On the 25th of May 1963, the First Conference of Independent African States was held in the city of Addis Ababa, Ethiopia. Thirty-two leaders of independent African states attended this meeting and it is at this historic meeting that the leaders founded the Organization of African Unity (OAU). They renamed Africa Freedom Day “African Day” and changed its date to May 25th. By then more than two thirds of the continent had achieved independence from colonial rule.

African Liberation Day (ALD) emerged out of the conscious struggle of African People against oppression. It marks the onward progress of the liberation movement in Africa, and symbolizes the determination of the people of Africa to free themselves from foreign domination and exploitation”. This important, historic event has been observed and institutionalized in various places worldwide, every year since its inception.

Though ALD began on the continent of Africa, people of African descent and their allies celebrate ALD throughout the world. It has become an expression of African peoples’ self-determination, and solidarity with other progressive struggles. This year is the 50th anniversary of ALD and the 45th anniversary of AD.

“The total liberation and unification of Africa under an All-African Socialist Government must be the primary objective of all Black revolutionaries throughout the world. It is an objective which, when achieved, will bring about the fulfilment of the aspirations of Africans and people of African descent everywhere.”

Kwame Nkrumah.

He Had A Dream, An African Dream

It all started as a vision of one man,
A the dream of one son,
A son of Ghana, a Nkrumah who sang a song
whose words were written with the blood of our brothers sailed off
to plantations as slaves to white masters.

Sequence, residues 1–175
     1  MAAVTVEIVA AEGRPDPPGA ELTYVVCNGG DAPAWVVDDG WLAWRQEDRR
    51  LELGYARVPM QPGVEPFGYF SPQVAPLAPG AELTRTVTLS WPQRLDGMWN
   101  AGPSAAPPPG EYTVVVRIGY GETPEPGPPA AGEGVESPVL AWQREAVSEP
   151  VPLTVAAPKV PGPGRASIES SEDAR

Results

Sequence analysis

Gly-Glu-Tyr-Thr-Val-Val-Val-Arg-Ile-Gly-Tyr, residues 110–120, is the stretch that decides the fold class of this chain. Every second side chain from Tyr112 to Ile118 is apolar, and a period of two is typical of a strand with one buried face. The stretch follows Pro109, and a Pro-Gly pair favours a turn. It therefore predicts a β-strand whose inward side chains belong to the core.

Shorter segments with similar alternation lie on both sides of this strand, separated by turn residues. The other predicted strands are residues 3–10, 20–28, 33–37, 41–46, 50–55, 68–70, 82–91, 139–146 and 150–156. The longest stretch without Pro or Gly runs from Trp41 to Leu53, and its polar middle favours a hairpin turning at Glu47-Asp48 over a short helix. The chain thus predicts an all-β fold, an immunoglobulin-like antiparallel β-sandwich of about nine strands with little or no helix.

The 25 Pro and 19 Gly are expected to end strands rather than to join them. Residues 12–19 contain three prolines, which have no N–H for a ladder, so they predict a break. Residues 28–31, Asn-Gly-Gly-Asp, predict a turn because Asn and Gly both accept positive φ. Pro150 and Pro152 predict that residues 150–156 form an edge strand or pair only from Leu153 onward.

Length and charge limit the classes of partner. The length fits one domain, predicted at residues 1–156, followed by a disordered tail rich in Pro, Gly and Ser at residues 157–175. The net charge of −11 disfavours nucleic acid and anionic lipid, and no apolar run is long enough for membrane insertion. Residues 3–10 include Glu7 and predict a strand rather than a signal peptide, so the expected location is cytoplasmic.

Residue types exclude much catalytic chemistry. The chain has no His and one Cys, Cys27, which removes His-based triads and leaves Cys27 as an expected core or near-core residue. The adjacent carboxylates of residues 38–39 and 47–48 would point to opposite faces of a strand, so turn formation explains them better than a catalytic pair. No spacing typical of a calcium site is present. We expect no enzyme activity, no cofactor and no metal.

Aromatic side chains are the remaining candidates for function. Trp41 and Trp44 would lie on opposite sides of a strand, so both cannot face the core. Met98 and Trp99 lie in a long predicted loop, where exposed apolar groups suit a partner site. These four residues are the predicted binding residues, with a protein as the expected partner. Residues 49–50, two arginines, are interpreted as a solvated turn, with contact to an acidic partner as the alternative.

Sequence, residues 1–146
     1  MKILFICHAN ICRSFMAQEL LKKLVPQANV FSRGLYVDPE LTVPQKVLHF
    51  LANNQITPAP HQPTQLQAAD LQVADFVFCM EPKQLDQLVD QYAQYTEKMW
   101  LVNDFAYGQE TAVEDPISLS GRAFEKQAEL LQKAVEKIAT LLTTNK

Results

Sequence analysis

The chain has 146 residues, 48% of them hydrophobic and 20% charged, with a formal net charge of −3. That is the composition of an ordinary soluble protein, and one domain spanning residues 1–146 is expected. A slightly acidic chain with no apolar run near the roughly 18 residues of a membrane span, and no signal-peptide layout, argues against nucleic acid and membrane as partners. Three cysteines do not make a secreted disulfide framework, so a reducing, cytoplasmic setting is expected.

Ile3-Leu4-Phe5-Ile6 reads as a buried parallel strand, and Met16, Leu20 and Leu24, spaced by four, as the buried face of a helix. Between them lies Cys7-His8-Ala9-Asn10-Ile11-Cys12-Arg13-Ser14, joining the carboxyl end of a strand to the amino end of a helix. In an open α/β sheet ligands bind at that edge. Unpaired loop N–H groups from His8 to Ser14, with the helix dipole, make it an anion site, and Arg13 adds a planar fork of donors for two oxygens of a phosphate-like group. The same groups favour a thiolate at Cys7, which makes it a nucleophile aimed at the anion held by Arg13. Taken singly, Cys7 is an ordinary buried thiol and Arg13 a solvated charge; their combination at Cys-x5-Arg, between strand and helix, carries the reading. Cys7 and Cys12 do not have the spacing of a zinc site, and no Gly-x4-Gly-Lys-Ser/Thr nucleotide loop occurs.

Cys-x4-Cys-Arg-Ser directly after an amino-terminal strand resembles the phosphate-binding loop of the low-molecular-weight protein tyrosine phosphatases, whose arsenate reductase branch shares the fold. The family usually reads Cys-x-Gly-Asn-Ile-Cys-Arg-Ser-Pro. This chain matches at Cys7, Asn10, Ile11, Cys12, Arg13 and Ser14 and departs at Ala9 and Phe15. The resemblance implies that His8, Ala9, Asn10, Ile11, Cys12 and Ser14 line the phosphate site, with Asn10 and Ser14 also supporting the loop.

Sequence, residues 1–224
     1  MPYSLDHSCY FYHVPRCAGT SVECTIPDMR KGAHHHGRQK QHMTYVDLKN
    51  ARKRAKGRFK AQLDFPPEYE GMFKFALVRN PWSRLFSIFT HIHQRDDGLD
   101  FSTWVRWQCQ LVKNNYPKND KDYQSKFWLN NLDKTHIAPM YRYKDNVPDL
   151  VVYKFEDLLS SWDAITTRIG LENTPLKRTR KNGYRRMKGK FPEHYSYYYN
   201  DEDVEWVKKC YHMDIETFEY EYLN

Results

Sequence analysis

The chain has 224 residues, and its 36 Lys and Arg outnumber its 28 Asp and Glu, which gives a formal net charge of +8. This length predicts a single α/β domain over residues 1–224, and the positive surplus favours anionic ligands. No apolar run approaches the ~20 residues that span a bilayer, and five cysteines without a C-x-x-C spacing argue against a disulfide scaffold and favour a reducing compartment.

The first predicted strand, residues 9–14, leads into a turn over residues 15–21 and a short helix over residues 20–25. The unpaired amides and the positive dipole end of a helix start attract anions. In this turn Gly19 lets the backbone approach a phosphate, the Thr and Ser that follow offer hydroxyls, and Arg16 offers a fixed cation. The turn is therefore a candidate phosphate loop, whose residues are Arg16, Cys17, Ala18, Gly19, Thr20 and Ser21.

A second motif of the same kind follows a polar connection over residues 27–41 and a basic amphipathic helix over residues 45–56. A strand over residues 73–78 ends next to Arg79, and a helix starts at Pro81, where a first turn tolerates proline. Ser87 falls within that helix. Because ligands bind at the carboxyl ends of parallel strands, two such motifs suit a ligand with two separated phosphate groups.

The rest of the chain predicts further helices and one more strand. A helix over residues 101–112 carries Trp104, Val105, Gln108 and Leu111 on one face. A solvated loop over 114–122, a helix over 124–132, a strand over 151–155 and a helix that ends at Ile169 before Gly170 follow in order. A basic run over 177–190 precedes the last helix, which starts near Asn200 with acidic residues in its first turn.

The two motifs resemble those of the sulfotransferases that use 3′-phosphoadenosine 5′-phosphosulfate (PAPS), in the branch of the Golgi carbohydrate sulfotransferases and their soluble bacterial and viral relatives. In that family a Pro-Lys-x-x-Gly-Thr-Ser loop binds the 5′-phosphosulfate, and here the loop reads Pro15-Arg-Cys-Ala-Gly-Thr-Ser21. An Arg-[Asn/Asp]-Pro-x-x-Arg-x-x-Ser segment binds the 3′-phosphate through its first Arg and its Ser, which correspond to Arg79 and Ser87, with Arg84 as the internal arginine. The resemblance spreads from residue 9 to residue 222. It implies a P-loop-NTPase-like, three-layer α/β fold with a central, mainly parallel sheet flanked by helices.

A song whose rhythm and tune was hummed
by the cries of our people
Feet shuffling, hands trembling, mouths begging

We don’t know them!
We don’t know the freedom fighters

The rhythm of whips cracking on their backs
The sound of gunshots reigning in the dull yet sunny days,
Dark, yet moonlit nights.
The sounds had become a dirge to their ears
Maafa, Maafa

his was a song whose commas and full stops,
verses and chorus was the stamping of weary dusty feet
forcibly led into crammed concentration and detention camps
to die of hunger, thirst,
Informers, turncoats or home guards

His dream’s song like a bush fire, spread across the land,
Across the great Nile, Lake Tanganyika, the Zambezi and Chania
Kingston, Harlem, the Caribbean.
The strained tunes of this sweet song became a spell
Its spirit haunting Edward Wilmot
W.E.Dubois, Muamar Ghadafi

His majesty Emperor Haille sellasie,
Marcus Garvey,Julius Nyerere
Malcolm X, Fela Kuti,
The fathers of Pan-Africanism.

This was a song of pain
The Pain of being an African
A black man, a native

The pain of being un civilized
uneducated, uncultured

The pain of being colonized by a fellow human being
whose religion, traditions and language
was no more superior than our own.
Maafa, maafa

They sang a song of strength
A song of unity
A song of one enemy
A song of liberation
Africa’s Liberation

Like a chain, their weakness,
Would be their greatest strength
Being black, being African

This song gave them a reason to unite, to fight
To think as one country, one man, one mind

This song was the cry of
A unified Africa
United States of Africa
Umoja Africa

I too sing that song today

N. W.
Feb 08,2008